Wednesday 14 March 2012

Poetry and sexism in the Guardian Review

The US-based organisation VIDA, which supports women in the literary arts, has just issued 2011 figures for female representation (all genres) in literary newspapers and journals, mostly American but including the TLS and LRB.  They make depressing reading.  TLS: around one-quarter women.  LRB: around one-sixth. 

This time last year, VIDA’s survey prompted a lively discussion on the Magma blog, about the poetry aspects.  Well worth reading, if you didn’t.  (As I write, Magma’s website looks like it’s been attacked by quack spammers, but you can scroll down to read the blog.)

My contribution to that debate was to indulge my inner geek, and audit the reviews of poetry collections in the Saturday Guardian Review.  For three reasons.  First because it’s mainstream, widely read by people who have no specialist interest in poetry, so a good place for poetry to get out and about. 

Second because I’d got fed up with opening the Review, which I read every week and otherwise enjoy, and finding, yet again, an all-male poetry page...  Thank goodness I don’t even think about this when reading reviews in, say, Poetry London or Magma, which are devoid of male/female bias.  Poetry Review’s coverage has been controversial - see Polly Clark’s account on the Magma blog.

And last because it was the Guardian that had publicised the VIDA figures.  Hooray for that, but didn’t they realise what was going on in their own poetry backyard?

The results were dire. 

I’ve just done an update, below.  Figures from a year ago in blue, covering January 2010 - early February 2011*.  Figures for mid February 2011 to early March 2012 in black.  The Guardian Review carries long reviews, around 600-800 words, and short ones, around 200 words.  I’ve looked at both the books reviewed, and the reviewers.  You can access the index of reviews here.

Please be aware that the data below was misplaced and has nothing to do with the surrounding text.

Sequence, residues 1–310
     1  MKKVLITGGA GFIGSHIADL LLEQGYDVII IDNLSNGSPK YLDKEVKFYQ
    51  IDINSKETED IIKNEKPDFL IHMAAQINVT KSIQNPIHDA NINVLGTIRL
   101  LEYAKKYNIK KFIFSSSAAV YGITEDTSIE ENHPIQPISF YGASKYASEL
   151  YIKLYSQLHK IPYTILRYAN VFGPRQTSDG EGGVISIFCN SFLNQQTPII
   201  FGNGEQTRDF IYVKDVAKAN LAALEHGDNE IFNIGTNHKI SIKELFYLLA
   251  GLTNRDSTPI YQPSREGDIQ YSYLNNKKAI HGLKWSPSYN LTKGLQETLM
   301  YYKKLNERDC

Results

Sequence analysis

A. Books reviewed

This year’s results are slightly better… only by 2%, from a very low base.  Just over one-third of poetry books reviewed in the Guardian are by women.  More books by women got long reviews this year - good - though fewer got short ones.

Books given long reviews:
27 books by men, 11 books by women.  That’s 71% and 29%. 
30 books by men, 16 books by women.  That’s 65% and 35%.

Books given short reviews:
10 books by men, 7 books by women.  That’s 59% and 41%.
13 books by men, 7 books by women.  That’s 65% and 35%. 

Total - all books reviewed:
67% men, 33% women.
65% men, 35% women. 

Last year, it was striking to see how the Guardian was using different criteria to decide on the male and female poets to whom it gave long reviews.  All the women were either very well-known, or on the shortlist for major prizes; all were published by big poetry publishers.  The men were much more varied - from Nobel Prize winners right through to people I hadn’t heard of - and a few were published by small presses.  See the Magma discussion for examples. 

This year, the increase in long reviews of books by women has improved things a bit, allowing in names like Sasha Dugdale and Clare Pollard; also it’s good to see Americans Kay Ryan and Gjertrud Schnackenberg, and Albanian Luljeta Lleshanaku reviewed.  But the range of men is still much greater.  Just a few examples: Peter Riley (innovative), Jaan Kaplinski (Estonia; one of several foreign language poets), Timothy Donnelly (one of several Americans), Iain Crichton Smith (one of several dead poets). 

The criteria remain different for men and women.  And there are oddities.  The Guardian only gave Alice Oswald’s Memorial a short review (in an entertaining round-up by Charlotte Higgins of current takes on the Iliad).  OK, Memorial had a full review in the Observer, but several eminent male poets were reviewed by both.